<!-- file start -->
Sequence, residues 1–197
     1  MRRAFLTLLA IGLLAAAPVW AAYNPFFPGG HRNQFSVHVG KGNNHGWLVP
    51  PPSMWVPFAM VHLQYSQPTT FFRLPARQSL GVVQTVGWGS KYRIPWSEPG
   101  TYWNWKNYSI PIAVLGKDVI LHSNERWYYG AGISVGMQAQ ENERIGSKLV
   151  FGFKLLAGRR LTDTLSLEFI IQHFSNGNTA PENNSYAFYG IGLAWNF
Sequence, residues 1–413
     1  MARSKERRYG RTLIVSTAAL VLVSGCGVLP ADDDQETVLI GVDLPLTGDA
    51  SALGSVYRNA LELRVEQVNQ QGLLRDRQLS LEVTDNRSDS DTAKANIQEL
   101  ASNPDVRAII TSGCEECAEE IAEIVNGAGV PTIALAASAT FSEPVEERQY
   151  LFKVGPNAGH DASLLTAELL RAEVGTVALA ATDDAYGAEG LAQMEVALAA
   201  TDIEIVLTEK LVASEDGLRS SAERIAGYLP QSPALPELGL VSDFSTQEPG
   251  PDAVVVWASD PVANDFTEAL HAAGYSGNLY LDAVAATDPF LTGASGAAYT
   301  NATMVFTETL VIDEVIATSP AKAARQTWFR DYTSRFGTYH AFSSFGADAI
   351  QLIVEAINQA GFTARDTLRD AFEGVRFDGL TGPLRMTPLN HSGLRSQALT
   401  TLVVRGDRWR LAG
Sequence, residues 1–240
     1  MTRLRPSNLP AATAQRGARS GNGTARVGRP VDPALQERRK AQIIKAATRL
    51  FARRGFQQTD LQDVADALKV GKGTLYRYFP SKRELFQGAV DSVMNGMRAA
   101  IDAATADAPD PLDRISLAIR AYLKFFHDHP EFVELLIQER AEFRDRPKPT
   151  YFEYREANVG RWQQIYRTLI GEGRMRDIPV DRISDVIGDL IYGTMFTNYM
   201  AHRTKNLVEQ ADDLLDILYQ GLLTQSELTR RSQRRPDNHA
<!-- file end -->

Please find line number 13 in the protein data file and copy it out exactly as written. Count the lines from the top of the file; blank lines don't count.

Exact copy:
   301  NATMVFTETL VIDEVIATSP AKAARQTWFR DYTSRFGTYH AFSSFGADAI